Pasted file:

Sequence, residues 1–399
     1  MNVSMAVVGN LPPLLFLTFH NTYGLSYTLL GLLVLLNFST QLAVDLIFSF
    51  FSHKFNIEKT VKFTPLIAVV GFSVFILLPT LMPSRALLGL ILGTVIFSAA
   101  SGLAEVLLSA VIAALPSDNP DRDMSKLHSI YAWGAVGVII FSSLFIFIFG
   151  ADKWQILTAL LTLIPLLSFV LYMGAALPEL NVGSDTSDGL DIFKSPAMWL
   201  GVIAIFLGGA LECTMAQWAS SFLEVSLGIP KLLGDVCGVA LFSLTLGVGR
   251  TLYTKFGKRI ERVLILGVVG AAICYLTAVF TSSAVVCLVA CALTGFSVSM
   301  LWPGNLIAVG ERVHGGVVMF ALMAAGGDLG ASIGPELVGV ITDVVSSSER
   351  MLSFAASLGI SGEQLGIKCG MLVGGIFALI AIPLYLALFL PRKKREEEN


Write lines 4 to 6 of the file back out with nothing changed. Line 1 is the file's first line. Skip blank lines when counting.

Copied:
   101  SGLAEVLLSA VIAALPSDNP DRDMSKLHSI YAWGAVGVII FSSLFIFIFG
   151  ADKWQILTAL LTLIPLLSFV LYMGAALPEL NVGSDTSDGL DIFKSPAMWL
   201  GVIAIFLGGA LECTMAQWAS SFLEVSLGIP KLLGDVCGVA LFSLTLGVGR